Co-Contributor – Dr Jemma Hawkins
Encouraging young people to develop healthy lifestyle habits and reduce unhealthy or risky behaviours is important for improving health across the life course. Alcohol use during adolescence has been shown to track into later adulthood and so may increase the likelihood of long-term harms to health. Although there have been reductions in adolescent alcohol use over the past decade, it is still a public health priority to prevent young people from initiating alcohol use and to reduce existing alcohol use. Young people begin to experiment with alcohol as young as 13 years old so interventions to reduce alcohol are needed during this period of young adolescence. In secondary school, adolescents usually receive a form of personal and social education [PSE] to provide them with the knowledge and skills for healthy living. However, there is a lack of evidence as to the most effective educational approaches to support healthy behaviours, although motivational interviewing shows some potential.
This study will explore the use of a new approach to PSE, which is based on Group Motivational Interviewing [GMI], with a focus on alcohol use. We have developed a GMI intervention in collaboration with students and teachers that can be used in a typical PSE session. The intervention encourages students to interact with each other and share their experiences in order to reflect on their personal motivations for and against alcohol use. It also encourages students to make responsible and well-informed decisions. Our initial work suggests that students value these learning opportunities and that the GMI intervention is an acceptable approach to alcohol education in secondary schools. However, in this initial work, the intervention was delivered by highly skilled and experienced facilitators. It would be unsustainable for schools to attempt to deliver the intervention in this way in the long-term.
As part of this study, we will build on our initial work to explore what resources and skills teachers need in order to be able to deliver the intervention, and in collaboration with teachers, students and other stakeholders we will develop a training package for teacher delivery of the intervention. Following this, we will test the training package with a small number of teachers, and will evaluate how acceptable the package is to them. We will also evaluate the delivery of the intervention by the trained teachers to Year 8 students. We will interview the trained teachers to find out how feasible they think delivering the intervention is, and we will run focus groups with students who received the intervention to find out what they think about it as well. Following these evaluations, we will work with teachers, students and other stakeholders to finalise the intervention design. This research will not tell us whether the intervention is effective in reducing or preventing alcohol use, but it supports the development of the intervention which could then be evaluated in the future.
Aim: To develop a Group Motivational Interviewing [GMI] teacher training programme to support the Personal and Social Education [PSE] curriculum in preventing alcohol misuse in young people.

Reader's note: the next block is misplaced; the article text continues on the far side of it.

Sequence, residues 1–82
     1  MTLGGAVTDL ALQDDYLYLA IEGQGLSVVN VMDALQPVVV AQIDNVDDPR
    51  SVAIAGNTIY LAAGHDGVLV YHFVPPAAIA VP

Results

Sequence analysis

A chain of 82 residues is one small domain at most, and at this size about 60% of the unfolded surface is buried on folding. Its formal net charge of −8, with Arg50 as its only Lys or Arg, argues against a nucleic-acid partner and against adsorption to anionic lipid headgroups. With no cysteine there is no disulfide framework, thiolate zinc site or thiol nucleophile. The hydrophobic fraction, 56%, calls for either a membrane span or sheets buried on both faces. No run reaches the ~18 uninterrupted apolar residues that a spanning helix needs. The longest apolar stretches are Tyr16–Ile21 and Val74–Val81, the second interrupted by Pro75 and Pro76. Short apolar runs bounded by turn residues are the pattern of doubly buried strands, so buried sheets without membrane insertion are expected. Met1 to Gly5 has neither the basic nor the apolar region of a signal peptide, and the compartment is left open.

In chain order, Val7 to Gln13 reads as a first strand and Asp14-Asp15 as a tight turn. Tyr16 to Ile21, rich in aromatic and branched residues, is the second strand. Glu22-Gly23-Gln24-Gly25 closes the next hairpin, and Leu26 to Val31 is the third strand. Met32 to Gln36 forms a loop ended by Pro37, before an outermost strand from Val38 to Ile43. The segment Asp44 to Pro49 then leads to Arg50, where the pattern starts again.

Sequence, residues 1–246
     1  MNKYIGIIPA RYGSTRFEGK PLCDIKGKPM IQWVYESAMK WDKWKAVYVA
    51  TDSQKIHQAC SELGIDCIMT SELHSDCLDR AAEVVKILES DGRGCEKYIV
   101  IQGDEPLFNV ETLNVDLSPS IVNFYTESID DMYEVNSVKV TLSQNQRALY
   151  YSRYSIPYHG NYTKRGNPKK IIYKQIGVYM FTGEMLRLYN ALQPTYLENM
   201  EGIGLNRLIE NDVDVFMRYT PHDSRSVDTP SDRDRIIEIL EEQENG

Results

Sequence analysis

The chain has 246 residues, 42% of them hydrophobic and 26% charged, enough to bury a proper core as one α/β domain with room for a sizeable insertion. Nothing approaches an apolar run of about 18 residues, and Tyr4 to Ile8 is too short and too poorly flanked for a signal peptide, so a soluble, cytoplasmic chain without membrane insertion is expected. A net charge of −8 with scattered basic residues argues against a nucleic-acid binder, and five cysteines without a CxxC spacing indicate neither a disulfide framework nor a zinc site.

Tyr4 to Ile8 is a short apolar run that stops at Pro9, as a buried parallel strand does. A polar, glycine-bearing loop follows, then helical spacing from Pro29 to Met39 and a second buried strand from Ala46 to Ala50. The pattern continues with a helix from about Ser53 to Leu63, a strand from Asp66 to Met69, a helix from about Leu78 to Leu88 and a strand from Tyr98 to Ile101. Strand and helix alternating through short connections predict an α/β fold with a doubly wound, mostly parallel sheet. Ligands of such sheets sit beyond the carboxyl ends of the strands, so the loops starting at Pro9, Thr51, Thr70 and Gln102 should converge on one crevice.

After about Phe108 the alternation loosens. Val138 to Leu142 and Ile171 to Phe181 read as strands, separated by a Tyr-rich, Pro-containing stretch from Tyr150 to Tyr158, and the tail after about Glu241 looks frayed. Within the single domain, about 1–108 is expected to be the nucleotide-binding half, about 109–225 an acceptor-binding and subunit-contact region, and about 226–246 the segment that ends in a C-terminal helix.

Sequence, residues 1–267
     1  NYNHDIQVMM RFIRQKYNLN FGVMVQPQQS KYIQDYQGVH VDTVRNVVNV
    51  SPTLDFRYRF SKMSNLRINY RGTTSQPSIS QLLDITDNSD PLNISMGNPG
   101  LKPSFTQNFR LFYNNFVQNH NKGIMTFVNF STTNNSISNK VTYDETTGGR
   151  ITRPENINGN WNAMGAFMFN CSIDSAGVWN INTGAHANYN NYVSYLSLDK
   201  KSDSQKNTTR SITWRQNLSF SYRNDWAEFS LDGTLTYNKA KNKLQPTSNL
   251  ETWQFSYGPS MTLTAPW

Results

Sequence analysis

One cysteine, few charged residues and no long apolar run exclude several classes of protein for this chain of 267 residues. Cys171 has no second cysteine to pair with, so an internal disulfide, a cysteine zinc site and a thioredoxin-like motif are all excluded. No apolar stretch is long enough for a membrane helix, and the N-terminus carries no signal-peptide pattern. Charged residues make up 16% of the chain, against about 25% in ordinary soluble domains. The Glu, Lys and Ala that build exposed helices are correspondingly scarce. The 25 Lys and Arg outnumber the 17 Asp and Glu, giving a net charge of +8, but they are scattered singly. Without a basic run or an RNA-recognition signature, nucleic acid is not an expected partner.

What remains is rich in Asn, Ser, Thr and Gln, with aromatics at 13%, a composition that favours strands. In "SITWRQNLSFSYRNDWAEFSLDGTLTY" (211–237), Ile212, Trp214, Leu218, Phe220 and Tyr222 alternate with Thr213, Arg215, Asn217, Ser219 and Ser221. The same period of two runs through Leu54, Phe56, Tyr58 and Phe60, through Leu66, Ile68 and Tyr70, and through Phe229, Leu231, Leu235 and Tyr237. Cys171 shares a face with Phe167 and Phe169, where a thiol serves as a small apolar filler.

Objectives: This study will build on preliminary development1 of a GMI alcohol misuse curriculum intervention. 1) To co-produce a feasible and acceptable teacher training programme for sustainable delivery of the GMI intervention via a stakeholder action group; 2) To deliver GMI training to teachers who have a responsibility for delivering PSE; 3) To undertake in-depth field testing of the training to assess fidelity of delivery of the GMI intervention by trained teachers, explore intervention feasibility and acceptability, and identify mechanisms of action. 4) Present results to a stakeholder group to finalise training format and intervention logic model for future evaluation.
Design: Multi-phase participatory action-research.
Setting: Four secondary schools in Wales (purposively sampled by size and Free School Meal entitlement).
Target population: Students aged 12-13 years old (Y8).
1) What are the core components of a PSE GMI training intervention for teachers?
2) Is this training feasible to deliver and acceptable to teachers?
3) Is the delivery of the GMI session by trained teachers consistent with MI principles and what are the key mechanisms of action?
4) Is the GMI session delivered by trained teachers acceptable to students and teachers?
Data sources: Consultation with stakeholder action group (RQ1); interviews with secondary school teachers (n=12) and trainers (n=2) (RQ2, RQ3, RQ4); structured observation (n=12) (RQ3); focus groups with students (n=8) (RQ4).
Public involvement & Engagement: Stakeholder action group to comprise secondary school teachers, students, public health practitioners from Health Promoting School Schemes, and Motivational Interviewing [MI] trainers.
|Research Councils UK
New DECIPHer Study
For more information on this study, please contact Dr Jemma Hawkins on 02920 875 184 or via email at HawkinsJ10@cardiff.ac.uk.
Medical Research Council (MRC)